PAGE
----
Moving along, there’s been some sad news of our own.
Having been stuck on ship for six months in some pretty miserable conditions, I know how bleak it can be. And I also know that commanders put misssion accomplishment above quarters, caring for the troops, etc.
You have to have weapons, ammo, uniforms, etc.
You don’t have to have a decent place for service members to eat, sleep, etc.
Those are just the cold, hard facts.
But it’s also true that unnecessary suicides during basically peacetime are especially tragic. Here’s a great video and interview about it below.
Okay, let’s end the news portion on a lighter note. Far too much tragic news happening out there.
I’m sharing the two items below just because they’re amazing pictures of large fleets of helicopters in the air. Something you almost never see.
And here’s your dose of motivation and wisdom. (Mostly motivation.)
That’s it for this edition.
As a reminder, please be kind and endeavor to love your fellow Americans. We need to pull this country together, and that starts with all of us.
My newsletter is a reader-supported publication. To receive new posts and support my work, please consider becoming a free or paid subscriber. That will make sure you don’t miss any future editions. (For those who want to support my work, you can pay $5 per month. It’s like throwing a few bucks into a hat. Here’s why you should, and you can pause it at any time.)
The view from the front: military matters and motivation. is a reader-supported publication. To receive new posts and support my work, consider becoming a free or paid subscriber.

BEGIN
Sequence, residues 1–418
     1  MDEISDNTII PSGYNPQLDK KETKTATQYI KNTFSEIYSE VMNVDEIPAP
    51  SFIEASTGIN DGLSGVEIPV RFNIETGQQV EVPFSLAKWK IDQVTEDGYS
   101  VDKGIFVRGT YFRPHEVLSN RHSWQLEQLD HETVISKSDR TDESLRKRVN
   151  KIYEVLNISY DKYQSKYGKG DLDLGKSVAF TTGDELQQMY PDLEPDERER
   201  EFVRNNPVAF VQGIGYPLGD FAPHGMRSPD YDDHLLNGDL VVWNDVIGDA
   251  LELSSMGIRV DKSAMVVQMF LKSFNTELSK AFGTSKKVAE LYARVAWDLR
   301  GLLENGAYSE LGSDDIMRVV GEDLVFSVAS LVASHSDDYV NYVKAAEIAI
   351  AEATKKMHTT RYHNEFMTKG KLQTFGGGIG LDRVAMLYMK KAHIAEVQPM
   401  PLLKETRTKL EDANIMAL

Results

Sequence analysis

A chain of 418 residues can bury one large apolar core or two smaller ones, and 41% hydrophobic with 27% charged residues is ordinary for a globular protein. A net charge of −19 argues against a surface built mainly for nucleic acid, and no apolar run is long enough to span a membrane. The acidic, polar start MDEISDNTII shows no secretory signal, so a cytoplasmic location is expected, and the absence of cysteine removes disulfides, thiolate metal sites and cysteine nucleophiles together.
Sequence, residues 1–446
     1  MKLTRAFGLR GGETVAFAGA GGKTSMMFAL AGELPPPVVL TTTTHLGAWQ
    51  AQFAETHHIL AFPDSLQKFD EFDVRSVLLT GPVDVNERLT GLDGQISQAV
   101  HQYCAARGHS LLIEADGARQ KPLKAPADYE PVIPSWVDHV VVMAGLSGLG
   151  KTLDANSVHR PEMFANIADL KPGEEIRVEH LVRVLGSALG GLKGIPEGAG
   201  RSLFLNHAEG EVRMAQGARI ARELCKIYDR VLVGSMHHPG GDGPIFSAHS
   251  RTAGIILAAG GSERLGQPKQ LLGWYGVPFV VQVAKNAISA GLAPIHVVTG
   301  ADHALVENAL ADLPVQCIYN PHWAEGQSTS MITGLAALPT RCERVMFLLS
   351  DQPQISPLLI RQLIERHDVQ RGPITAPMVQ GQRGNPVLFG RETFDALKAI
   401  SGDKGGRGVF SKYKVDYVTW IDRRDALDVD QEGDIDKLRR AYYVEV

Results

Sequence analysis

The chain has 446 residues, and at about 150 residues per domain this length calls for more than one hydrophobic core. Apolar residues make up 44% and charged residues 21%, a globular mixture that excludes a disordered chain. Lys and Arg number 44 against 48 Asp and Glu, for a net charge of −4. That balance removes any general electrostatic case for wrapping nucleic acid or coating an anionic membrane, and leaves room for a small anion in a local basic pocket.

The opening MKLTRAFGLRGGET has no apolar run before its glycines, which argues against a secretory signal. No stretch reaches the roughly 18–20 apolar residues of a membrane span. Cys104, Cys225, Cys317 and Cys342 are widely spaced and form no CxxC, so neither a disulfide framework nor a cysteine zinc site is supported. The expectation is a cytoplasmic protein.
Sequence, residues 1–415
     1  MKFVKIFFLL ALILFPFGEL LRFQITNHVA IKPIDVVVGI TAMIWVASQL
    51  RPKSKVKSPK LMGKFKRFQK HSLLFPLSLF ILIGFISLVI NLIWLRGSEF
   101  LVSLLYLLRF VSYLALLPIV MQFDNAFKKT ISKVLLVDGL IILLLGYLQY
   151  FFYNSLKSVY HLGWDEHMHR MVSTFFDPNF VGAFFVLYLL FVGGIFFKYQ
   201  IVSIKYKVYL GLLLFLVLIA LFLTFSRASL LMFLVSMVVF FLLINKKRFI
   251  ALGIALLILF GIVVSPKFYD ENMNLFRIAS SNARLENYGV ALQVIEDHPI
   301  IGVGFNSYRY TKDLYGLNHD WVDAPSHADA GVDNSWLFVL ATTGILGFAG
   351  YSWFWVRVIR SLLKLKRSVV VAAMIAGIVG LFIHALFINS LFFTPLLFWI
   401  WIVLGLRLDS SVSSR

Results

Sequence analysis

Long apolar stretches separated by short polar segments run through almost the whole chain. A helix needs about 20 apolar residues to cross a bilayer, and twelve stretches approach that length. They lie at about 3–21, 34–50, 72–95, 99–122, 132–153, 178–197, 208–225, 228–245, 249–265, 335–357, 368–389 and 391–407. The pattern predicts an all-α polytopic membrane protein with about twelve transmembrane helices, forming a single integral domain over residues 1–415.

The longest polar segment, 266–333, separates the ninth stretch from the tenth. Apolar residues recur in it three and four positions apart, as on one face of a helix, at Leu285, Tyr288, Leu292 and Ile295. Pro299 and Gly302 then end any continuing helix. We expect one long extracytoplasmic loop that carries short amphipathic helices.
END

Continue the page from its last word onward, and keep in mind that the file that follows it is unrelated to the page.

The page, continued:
The view from the front: military matters and motivation is a reader-supported publication. To receive new posts and support my work, consider becoming a free or paid subscriber.
As always, please share this post if you enjoyed it! (You can share it on your Facebook page or any other social media platform, or even email it to a friend.)
Finally, as my regular readers and commenters know, I welcome any and all respectful comments below. (And this is a safe place. I delete all comments by trolls, idiots, etc. They’ve got plenty of other places on the internet where they can go be hateful and ignorant; let’s have our own place where we can be thoughtful and considerate and have some real diaglogue.)
Want to talk to me directly? Email me at the following address: email@example.com. I love hearing feedback, compliments, and even constructive criticism. : )
Stan R. Mitchell
P.S. Don’t forget to check out my books. I’ve written a CIA/Marine sniper series, a detective series, a private investigator series, an action-packed Western, a leadership/biography book, and two realistic war novels: one about World War IIand one about Afghanistan.
And here’s a short bio about me and what I’m trying to do with the newsletter. And if you’d like to support me, you can subscribe to my newsletter for $5 per month (it comes out twice a week). Or, you can check out my books at this link: http://amzn.to/3p6lAnQ. I’ve sold 70,000-plus copies and had thousands of reviews on Amazon and Goodreads. I’m confident you’ll enjoy them.